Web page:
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Influence of Network Structural Modifications on the Dynamic Relaxation Characteristics of Crosslinked Poly(ethylene oxide) Copolymer Membranes

Douglass S. Kalika1, Jeffrey J. Richards1, Victor A. Kusuma2, and Benny D. Freeman2. (1) Chemical and Materials Engineering, University of Kentucky, 177 Anderson Hall, Lexington, KY 40506-0046, (2) Chemical Engineering, The University of Texas at Austin, 10100 Burnet Rd., Bldg 133, Center for Energy and Environmental Resources, Austin, TX 78758

The structure and dynamic relaxation characteristics of a series of crosslinked poly(ethylene oxide) copolymer networks based on the UV photopolymerization of bisphenol A ethoxylate diacrylate [BPA-EDA] crosslinker have been investigated. Rubbery amorphous networks with high ethylene oxide content have recently been identified as promising membrane materials for the selective removal of carbon dioxide from light gas mixtures. By strategic control of crosslink density and the introduction of selected pendants along the network backbone it is possible to modify both the solubility and free volume characteristics of the membranes and thereby tailor them for specific gas separations.

Polymer networks were synthesized by UV photopolymerization of commercially-available BPA-EDA crosslinker. Crosslink density within the networks was controlled in two ways: (i) variation of crosslinker molecular weight, with the diacrylate crosslinkers encompassing 4, 8 and 30 total ethylene oxide segments, respectively; and (ii) copolymerization of selected monofunctional ethylene oxide acrylates into the network backbone. Copolymerization results in the insertion of fixed-length pendants into the network structure and a corresponding reduction in crosslink density. Variation in the size and end group associated with these pendants provides additional variables by which to tune the chemical composition, architecture and free volume of the resulting membrane networks.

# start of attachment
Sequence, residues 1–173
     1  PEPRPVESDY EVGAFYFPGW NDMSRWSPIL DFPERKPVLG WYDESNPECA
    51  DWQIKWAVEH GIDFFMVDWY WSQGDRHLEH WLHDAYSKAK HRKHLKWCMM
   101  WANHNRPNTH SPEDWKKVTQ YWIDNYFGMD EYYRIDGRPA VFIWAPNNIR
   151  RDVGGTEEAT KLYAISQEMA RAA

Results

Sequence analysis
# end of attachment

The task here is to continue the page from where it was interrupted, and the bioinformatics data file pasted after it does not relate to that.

In this study, dynamic mechanical analysis and broadband dielectric spectroscopy have been used to investigate the sub-glass and glass-rubber viscoelastic relaxation characteristics of the networks in order to elucidate the underlying motional origins of each relaxation and their correlation with the structural and morphological features of the materials. These complementary techniques provide detailed information with respect to relaxation intensity and breadth, and the influence of crosslink constraint on the local and segmental motions inherent to the materials. Based on these studies, a series of design rules have been established to guide the formulation of the networks for optimum gas transport performance. The gas transport characteristics of the BPA-EDA networks are compared to other families of crosslinked PEO membranes with similar properties, and the overall performance of these materials are interpreted within the context of the selectivity-permeability “upper bound” concept.